Encouraging children to be self-sufficient

Clinical Psychologist & Wealth Advisor Lee Hausner, PhD, shares advice for parents on how to teach your teen to be self-sufficient when they are young adults
How To Encourage Self-Sufficiency In Early Adulthood
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Encouraging children to be self-sufficient

The challenge of helping a child become more self-sufficient after they come back to your home having completed college has got a lot to do with the messages that you're giving this child about your expectations. Initially, you can give expectations while the child is in college which says, "I'm very happy to keep you on the dole while you are being educated, but once you are finished, we will expect you to function independently – to get a job, to get an apartment. Happy to have you come for diner, happy to have you come to the vacation cottage, but basically, we want to support your independence." That is a clear message that parents have to give. But now let’s assume that for whatever the reasons, economics, the child initially comes home. When that child is in a transition period, you have to be very clear about how long that transition period is going to last before you are going to require the child to start making an economic contribution to support – even within the family home. And the expectation is that this child will get a job. There are lots of jobs available. The job is not going to occur because somebody is sitting at home saying, "I hope somebody's going to knock on the door and give me a job," so it has to be very clear that the transition period in your home and then he or she is going to have to find independent living and a means to support themselves.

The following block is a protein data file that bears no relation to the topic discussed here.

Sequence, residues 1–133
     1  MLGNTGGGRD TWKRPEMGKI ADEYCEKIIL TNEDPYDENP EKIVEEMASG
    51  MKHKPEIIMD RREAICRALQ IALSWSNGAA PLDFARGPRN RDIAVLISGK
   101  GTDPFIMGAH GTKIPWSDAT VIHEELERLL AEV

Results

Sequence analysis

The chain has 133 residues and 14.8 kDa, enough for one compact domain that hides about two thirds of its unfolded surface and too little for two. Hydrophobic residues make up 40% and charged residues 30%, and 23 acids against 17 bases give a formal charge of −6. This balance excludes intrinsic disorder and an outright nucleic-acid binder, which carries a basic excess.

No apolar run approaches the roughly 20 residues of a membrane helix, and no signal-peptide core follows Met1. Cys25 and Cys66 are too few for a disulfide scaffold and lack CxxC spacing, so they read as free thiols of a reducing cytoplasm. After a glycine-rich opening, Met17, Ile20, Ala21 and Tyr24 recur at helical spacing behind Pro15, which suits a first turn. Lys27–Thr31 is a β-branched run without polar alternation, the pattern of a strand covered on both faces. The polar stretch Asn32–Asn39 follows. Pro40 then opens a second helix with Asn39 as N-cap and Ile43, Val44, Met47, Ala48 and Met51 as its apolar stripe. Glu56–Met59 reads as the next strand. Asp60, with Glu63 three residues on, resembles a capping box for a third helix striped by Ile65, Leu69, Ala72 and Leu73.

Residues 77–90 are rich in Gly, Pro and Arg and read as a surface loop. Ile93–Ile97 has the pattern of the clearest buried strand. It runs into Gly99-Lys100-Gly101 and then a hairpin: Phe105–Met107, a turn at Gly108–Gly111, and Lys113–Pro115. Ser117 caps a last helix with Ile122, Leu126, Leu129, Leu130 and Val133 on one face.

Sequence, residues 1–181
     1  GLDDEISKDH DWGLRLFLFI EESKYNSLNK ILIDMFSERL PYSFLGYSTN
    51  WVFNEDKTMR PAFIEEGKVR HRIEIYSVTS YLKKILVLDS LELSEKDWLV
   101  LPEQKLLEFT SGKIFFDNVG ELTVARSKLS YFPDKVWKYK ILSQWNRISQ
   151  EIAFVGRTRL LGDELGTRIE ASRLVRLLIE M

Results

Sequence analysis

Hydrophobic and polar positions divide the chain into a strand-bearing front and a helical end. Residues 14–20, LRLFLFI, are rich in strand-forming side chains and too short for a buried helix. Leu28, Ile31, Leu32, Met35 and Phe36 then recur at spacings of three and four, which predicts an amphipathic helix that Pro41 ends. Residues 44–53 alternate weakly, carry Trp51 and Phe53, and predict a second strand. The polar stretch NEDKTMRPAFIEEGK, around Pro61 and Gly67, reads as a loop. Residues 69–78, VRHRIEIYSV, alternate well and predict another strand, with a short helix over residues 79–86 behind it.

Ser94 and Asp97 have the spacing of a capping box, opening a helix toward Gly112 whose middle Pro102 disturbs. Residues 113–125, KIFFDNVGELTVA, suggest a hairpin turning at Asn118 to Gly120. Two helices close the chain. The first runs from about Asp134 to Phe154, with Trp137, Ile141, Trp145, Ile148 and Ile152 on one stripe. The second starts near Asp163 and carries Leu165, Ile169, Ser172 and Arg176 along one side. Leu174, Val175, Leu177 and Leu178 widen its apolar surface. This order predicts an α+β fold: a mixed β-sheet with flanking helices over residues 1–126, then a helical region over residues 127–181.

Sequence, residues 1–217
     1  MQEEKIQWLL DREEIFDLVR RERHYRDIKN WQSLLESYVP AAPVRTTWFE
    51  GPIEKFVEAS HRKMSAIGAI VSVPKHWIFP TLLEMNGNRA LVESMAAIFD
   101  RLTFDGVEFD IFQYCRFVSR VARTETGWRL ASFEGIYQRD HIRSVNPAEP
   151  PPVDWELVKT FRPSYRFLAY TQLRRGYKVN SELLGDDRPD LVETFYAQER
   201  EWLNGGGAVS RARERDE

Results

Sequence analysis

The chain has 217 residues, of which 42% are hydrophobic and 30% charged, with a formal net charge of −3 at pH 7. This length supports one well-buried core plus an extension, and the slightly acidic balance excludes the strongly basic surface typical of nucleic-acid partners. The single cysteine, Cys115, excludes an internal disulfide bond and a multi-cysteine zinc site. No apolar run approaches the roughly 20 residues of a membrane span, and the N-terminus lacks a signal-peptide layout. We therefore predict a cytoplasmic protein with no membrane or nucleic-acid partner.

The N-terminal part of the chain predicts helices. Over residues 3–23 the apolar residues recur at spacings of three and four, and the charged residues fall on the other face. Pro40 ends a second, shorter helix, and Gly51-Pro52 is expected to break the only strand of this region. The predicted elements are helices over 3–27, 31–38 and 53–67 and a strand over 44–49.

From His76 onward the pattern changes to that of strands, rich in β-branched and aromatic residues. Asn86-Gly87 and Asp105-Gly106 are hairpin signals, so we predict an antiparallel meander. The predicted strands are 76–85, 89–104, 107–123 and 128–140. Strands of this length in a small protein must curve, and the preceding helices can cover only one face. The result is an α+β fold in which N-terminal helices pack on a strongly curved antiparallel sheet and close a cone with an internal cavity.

Clinical Psychologist & Wealth Advisor Lee Hausner, PhD, shares advice for parents on how to teach your teen to be self-sufficient when they are young adults


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Lee Hausner, PhD

Clinical Psychologist & Author

Dr. Lee Hausner is an internationally recognized clinical psychologist, business consultant and family wealth advisor. She served as the senior psychologist for the Beverly Hills Unified School District for 19 years. She is currently the Senior Managing Director for First Foundation Advisors. An acknowledged expert on psychological issues involving wealth and wealth transfer, she was a presenter at the World Economic Forum in Davos-Klosters, Switzerland, and is a frequent participant at the high wealth/private client conferences for major financial institutions. She is a frequent guest on national radio and television and a quoted expert in national publications such as The Wall Street Journal, Times, Forbes, Fortune, Privilege, Town and Country and Worth Magazine.

Dr. Hausner is the co-author with Doug Freeman of A Founder's Guide to the Family Foundation, published by the Council on Foundations and is the author of the seminal work regarding wealth and the family; Children of Paradise: Successful Parenting for Prosperous Families. In addition, Dr. Hausner incorporated her unique six-step transition model for succession in family business in the critically acclaimed family business resource book Hats Off to You 2: Balancing Roles and Creating Success in Family Business, of which she was a co-author.

Dr. Hausner is a graduate of Northwestern University (BA, Psychology), San Francisco State University (MA, Psychology), and Kensington University (PhD, Psychology).

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